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Ex-Republican hopes to unseat Scott Garrett
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Ex-Republican hopes to unseat Scott Garrett

As he runs for Congress in New Jersey’s Fifth Congressional District, Republican-turned-Democrat Tod Theise believes incumbent Scott Garrett “may have a mile-wide support, but it is an inch deep.” Photo courtesy Tod Theise
As he runs for Congress in New Jersey’s Fifth Congressional District, Republican-turned-Democrat Tod Theise believes incumbent Scott Garrett “may have a mile-wide support, but it is an inch deep.” Photo courtesy Tod Theise

Tod Theise recognizes the odds are against him as he takes on Rep. Scott Garrett, the Republican incumbent in New Jersey’s Fifth Congressional District.

Garrett has held onto upward of 55 percent of the vote since he started running in 2002.

“Garrett is a very accomplished politician,” Theise told NJ Jewish News in a Sept. 22 phone interview. “However, I think he carries with him the burden of the last 10 years because of his handiwork with the financial problems we’ve had. He was one of the chief proponents of deregulation and the Iraq and Afghanistan wars — things that have come back to haunt us.”

Theise, a Republican turned Democrat, said he is pinning his chances on reaching out to disaffected GOP members.

“I go to business organizations and very conservative organizations and leave the room with 90 percent of the votes,” Theise said. “I am a common-sense fiscal policy type, and I am fairly conservative with fiscal issues.”

It is from that vantage point that he criticizes Garrett’s economic policies and voting record.

“He supported the Bush tax cuts. I am not against tax cuts per se, but when you have tax cuts unfunded and there is no offset to them, they created $700 billion of deficit spending…. It is no coincidence that in 2008 we had the economic collapse; it was a direct repudiation of Scott Garrett’s policies.”

A member of the National Guard since shortly after 9/11, Theise said he finds sympathetic ears when he speaks with veterans of the Korean and Vietnam wars about Afghanistan.

“They said, ‘It’s quicksand over there. We’ve got to get the kids out.’ They are very sympathetic to the message that we are making the same mistake we made in Vietnam,” he said. “Putting a lot of boots on the ground isn’t the way you solve the problems over there. You get a lot of people killed by doing that. Work with the tribal leaders, get them on our side, and Al Qaida will never flourish.”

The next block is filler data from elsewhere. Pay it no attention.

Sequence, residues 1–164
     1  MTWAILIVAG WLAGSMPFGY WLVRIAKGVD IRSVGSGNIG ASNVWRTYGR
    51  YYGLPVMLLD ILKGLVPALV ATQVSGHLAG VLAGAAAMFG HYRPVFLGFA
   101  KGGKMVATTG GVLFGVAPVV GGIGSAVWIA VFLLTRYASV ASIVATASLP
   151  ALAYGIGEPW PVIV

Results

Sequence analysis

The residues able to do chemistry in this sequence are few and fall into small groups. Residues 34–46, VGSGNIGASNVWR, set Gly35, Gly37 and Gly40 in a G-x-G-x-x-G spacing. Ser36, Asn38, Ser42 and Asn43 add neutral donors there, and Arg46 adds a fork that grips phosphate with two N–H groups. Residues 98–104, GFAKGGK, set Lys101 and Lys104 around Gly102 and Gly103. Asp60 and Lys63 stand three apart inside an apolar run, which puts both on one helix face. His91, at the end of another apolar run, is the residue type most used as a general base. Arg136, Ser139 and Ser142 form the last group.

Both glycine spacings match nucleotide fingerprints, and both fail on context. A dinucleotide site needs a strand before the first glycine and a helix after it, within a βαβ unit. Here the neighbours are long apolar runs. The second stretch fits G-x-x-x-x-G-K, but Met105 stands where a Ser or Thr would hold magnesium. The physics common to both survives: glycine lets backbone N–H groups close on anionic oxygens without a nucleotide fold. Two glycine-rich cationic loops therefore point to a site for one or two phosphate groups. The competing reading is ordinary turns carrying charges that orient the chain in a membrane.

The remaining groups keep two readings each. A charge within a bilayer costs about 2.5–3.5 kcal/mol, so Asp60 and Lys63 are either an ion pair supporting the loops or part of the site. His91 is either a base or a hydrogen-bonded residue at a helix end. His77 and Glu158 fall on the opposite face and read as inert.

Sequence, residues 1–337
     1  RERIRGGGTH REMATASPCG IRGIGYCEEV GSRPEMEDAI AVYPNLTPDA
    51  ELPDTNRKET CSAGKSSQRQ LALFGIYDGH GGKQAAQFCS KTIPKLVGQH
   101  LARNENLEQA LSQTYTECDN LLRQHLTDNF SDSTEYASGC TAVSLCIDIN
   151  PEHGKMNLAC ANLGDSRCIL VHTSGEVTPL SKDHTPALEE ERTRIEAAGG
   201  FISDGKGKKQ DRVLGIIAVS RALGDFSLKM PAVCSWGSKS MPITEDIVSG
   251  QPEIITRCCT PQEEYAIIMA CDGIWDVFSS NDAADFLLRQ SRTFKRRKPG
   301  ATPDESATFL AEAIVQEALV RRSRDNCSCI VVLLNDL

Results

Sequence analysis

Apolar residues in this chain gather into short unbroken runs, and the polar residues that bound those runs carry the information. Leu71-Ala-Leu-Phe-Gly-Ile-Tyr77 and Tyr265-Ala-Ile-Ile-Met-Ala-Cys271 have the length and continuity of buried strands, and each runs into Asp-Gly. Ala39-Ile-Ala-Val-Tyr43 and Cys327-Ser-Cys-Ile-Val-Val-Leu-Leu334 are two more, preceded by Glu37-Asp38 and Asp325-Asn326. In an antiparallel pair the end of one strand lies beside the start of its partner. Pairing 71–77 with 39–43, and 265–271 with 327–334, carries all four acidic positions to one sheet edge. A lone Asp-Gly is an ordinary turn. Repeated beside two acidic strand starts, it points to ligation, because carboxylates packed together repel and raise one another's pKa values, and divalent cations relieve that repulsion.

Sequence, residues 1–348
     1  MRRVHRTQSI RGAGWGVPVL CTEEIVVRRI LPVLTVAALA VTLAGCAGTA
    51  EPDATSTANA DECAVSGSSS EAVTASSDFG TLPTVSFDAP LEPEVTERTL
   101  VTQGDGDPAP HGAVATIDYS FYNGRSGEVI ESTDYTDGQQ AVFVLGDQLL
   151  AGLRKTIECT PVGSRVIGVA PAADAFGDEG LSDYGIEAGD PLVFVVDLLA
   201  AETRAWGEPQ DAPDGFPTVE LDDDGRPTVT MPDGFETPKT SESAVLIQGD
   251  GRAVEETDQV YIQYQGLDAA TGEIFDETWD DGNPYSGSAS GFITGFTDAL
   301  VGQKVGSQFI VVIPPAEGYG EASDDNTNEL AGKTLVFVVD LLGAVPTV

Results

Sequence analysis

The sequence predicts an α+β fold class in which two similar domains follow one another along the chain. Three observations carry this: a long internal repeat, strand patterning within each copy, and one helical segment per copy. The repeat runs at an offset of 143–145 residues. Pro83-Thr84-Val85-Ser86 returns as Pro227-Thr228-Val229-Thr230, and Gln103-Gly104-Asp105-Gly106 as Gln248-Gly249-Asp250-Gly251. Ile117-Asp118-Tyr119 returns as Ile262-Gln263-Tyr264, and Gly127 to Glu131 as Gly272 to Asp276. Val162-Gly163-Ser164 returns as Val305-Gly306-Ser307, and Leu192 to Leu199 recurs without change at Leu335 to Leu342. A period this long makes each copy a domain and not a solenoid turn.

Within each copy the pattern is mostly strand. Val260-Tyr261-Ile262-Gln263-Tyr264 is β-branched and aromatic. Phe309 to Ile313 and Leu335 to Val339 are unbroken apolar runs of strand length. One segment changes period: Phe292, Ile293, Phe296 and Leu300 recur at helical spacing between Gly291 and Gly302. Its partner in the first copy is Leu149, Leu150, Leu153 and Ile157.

Theise also thinks it is “critically important” to push forward with the peace process between Israel and the Palestinians.

“Israel is very important to American interests; we have a tremendous connection spiritually and culturally — in every way,” he said. “We can never back down on that. We have to realize they have unique problems in dealing with Hamas and other people. The biggest problem is negotiating with people who don’t think you have a right to exist….”

Once that issue is settled, he said, “I think you will have meaningful dialogue.”

Asked to comment on whether Israel’s prime minister should extend the settlement freeze White House officials have been seeking, Theise seemed ambivalent.

“I don’t want to tell Benjamin Netanyahu how to govern his country. But I might tell him: ‘If it is going to affect the peace process, maybe you could refrain from this or that.’ I support a two-state solution, but you can’t expect Israel to give up the store….” he said.

Theise, 48, who works as a litigation analyst at a Manhattan law firm, lives in Washington Township with his Zambian-born wife, Belliah, their daughter, Agatha, and five dogs.

Theise said many of his social views are based on his religious beliefs. He was raised as a Presbyterian in West Orange by a Jewish father and a Christian mother.

Explaining his support for same-sex marriage, he said, “As a person of faith, I don’t want the government telling me who I can marry and who I can’t marry. That is a basic human right.”

Similarly, Theise supports a woman’s right to choose an abortion, even though he is “personally pro-life.”

Theise got his start in politics as a Republican, starting in 2000 as press secretary to James Treffinger, the former Essex County executive.

But when Treffinger pleaded guilty to corruption charges in 2004, “it got me out of politics,” Theise said. “I knew Jim for a long time and trusted him. I was shocked. I had no idea of what was going on.”

His political faith was also shaken during George W. Bush’s presidency, when the federal deficit started “mushrooming” and the Iraq and Afghanistan wars began.

Then, in 2009, Theise made a break with his past and ran unsuccessfully as a Democrat for Warren County freeholder, discovering along the way, however, that his new party’s principles were definitely in line with his own.

“I am pro-union, pro-labor. I believe in the dignity of people in the workforce. Civil rights are very important to me. That is where I have always been, and I have a libertarian streak,” he explained.

But those qualities have not helped him draw much support from the state’s Democratic Party. “It’s a sore spot,” he said. “They have written off the district. That is unfortunate because Garrett may have mile-wide support, but it is an inch deep.

“Once you give the moderate Republicans a reason to vote for somebody by marriage, you can get them to vote for a Democrat.”

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